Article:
Katharina Richter: The pub environment is certainly very relaxed. You know, it gives space for better discussions, and a pint of beer helps as well, to loosen up.

Andy Stapleton: With a beer in hand, presumably to help the science flow, and the sound of rain on the roof, the event begins.

Speaker 6: Welcome to Pint of Science, Pint of Science 2017.

Andy Stapleton: Dr. Briony Forbes is more at home in the lab or at the front of a lecture hall, but tonight, she’s on stage in front of a hundred people, calling on a set of different skills to talk about science, a talk that unfortunately, I’ve been asked not to record. Dr. Forbes is a professor at Flinders University, and she’s conducting research on insulin and insulin-like growth factors in diabetes and cancer. Tonight, she can’t rely solely on PowerPoint and the threat of an exam at the end, to keep the audience’s attention. She must take a different approach, and she’s brought a bag of tricks to keep things interesting.

Her talk is punctuated by noisily delving into her bag, to pull out cone snail shells to pass around the audience. Her presentation lacks the formal tone so many students loathe about lectures, and as a result, people are participating. They’re asking questions. Afterwards, Dr. Forbes tells me she’s got as much out of the Pint of Science as the audience did.

Briony Forbes: It really makes us think about the problems, in a way that really translate, and if we don’t talk to the public, then we don’t know what the real needs are of the public as well, so we get stuff back, we get ideas and so on back, as well.

Andy Stapleton: It’s not easy for scientists to put themselves out there, and the added benefit of holding these events at the pub is the ability to gain a little bit of Dutch courage before venturing into the spotlight.

Justin Chalker: Well right now, I’m on my second.

Andy Stapleton: That’s Justin Chalker. He’s a chemist from Flinders University, and he runs a lab that makes new molecules to improve human health and protect the environment. He’s confident that the pub is the perfect environment to speak to the general public.

Justin Chalker: Well, lecture halls are terribly boring and oppressive, and the pub is the opposite experience. It’s a venue where it’s a public venue, right? It is the pub, and people can come and exchange ideas, have a beer, relax, and experience and talk about science in a very non-imposing way.

Andy Stapleton: While getting up in front of a load of people in a pub may be out of the comfort zone of many scientists, it’s vital for the future of science funding, too. The general consensus is that the era of outreach being optional for scientists is over, because without public support, how can we convince politicians not to cut public spending on research?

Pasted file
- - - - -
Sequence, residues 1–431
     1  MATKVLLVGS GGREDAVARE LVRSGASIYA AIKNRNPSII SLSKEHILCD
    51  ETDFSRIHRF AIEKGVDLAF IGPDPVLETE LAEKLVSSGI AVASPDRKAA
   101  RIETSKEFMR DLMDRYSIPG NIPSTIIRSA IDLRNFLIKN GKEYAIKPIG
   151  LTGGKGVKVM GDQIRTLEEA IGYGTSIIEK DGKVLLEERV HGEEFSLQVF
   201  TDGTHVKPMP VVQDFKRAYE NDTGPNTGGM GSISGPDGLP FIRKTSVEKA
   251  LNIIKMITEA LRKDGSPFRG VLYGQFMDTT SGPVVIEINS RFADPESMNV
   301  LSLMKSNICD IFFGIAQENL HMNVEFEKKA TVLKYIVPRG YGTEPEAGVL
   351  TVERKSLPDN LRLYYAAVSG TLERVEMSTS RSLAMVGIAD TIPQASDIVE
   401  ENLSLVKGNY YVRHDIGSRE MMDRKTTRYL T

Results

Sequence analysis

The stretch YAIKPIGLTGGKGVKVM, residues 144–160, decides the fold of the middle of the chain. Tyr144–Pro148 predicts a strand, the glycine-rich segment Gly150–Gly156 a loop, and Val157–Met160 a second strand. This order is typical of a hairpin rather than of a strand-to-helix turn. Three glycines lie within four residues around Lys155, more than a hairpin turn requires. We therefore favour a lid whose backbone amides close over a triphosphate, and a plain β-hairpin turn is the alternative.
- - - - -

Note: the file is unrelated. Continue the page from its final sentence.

It appears that many scientists have gotten the message, but are they reaching out to the right people? A 2012 study from Warwick and Cambridge University in the U.K. found that while science festivals are designed to expand the public’s interest in science, this genre of science communication appeals mainly to a select demographic. It found that most attendees at an event like A Pint of Science already support scientific research. It’s essentially preaching to the choir. And that made sense. As I took my microphone around the crowd, guess what? Everyone I spoke to was a scientist.

Female: I am a medical student.

Male: I’m doing my Ph.D. in engineering.

Female: I’m doing a Ph.D. in genetics.

Andy Stapleton: This realization is bittersweet for me. I’m glad that so many of my scientist colleagues have moved outside their comfort zone in attempt to communicate science to the public, but they haven’t quite moved far enough. We’ve got to market events like A Pint of Science to a non-scientist audience, not just move the presentations from a scientific conference to the pub. Fortunately, there’s plenty of other options to combine science with things people love.

Female: Sport and science go very well together.

Male: Well maybe science and yoga.

Female: Science and cheese. They need to add cheese to this.

Male: Well, food is always good as well, so if we have a pub with good food, who knows where we’ll end up?

Andy Stapleton: For Undark, I’m Andy Stapleton.

David Corcoran: And that’s all for this episode of Undark, a project of the Knight Science Journalism program at MIT. Our show is produced by Katie Hiler. We’ll be back next month with more news and interviews from the intersection of science and society. Until then, I’m David Corcoran, for Undark.